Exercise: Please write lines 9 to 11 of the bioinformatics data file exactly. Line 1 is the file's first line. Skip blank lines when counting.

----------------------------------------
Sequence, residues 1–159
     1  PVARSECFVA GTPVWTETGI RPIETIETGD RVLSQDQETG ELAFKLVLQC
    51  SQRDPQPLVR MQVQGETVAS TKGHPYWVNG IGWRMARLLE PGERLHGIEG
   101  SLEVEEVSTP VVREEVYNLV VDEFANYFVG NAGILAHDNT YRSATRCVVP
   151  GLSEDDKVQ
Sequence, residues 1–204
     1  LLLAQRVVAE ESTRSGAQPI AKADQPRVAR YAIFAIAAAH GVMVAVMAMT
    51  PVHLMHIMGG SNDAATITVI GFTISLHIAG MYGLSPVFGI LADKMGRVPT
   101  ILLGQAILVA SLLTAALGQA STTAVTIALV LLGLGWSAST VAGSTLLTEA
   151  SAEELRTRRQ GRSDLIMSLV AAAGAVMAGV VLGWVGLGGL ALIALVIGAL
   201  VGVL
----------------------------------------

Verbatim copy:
   101  ILLGQAILVA SLLTAALGQA STTAVTIALV LLGLGWSAST VAGSTLLTEA
   151  SAEELRTRRQ GRSDLIMSLV AAAGAVMAGV VLGWVGLGGL ALIALVIGAL
   201  VGVL